Someone I know who has worked with FileNet for years commented that Case Manager looks a lot like the integrated demos that they’ve been building for a couple of years now; although there’s some new functionality here and the whole thing is presented as a neat package, it’s likely that you could have done most of this on your own already if you were proficient with FileNet ECM and some of the other products involved.

We also heard from Brian Benoit of Pyramid Solutions, a long-time FileNet partner who has been an early adopter of Case Manager and responsible for building some of the early templates that will be available when the product is released. He demonstrated a financial account management template, including account opening, account maintenance, financial transaction requests and correspondence handling. In spite of IBM’s claim that there is no migration path from Business Process Framework (BPF), there is a very BPF-like nature to this application; clearly, the case management experience that they gained from BPF usage has shaped the creation of Case Manager, or possibly Pyramid was so familiar with BPF that they built something similar to what they knew already. Benoit said that the same functionality could be built out of the box with Case Manager, but that what they have provided is an accelerator for this sort of application.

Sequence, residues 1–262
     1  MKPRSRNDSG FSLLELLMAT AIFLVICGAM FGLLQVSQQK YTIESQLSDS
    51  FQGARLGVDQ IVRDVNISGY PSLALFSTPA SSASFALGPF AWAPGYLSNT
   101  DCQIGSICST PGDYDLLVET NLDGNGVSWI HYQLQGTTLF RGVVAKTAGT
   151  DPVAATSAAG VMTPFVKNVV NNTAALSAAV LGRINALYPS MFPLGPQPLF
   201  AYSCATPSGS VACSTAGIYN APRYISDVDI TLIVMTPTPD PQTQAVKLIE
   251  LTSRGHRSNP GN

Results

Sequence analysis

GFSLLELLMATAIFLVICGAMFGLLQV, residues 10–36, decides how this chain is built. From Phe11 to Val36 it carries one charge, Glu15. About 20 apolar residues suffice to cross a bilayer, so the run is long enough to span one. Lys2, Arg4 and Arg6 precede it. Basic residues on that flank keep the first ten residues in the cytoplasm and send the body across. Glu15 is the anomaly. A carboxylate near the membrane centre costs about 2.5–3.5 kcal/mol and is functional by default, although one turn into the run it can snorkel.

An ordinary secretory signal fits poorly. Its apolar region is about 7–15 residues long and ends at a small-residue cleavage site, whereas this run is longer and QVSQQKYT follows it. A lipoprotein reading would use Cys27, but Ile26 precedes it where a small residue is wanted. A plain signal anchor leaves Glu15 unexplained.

Levirne assured me that everything in his presentation could be published immediately, although I’ve had analyst briefings on Case Manager that are under embargo until the official announcement tomorrow so I’ll give any of the missing details then.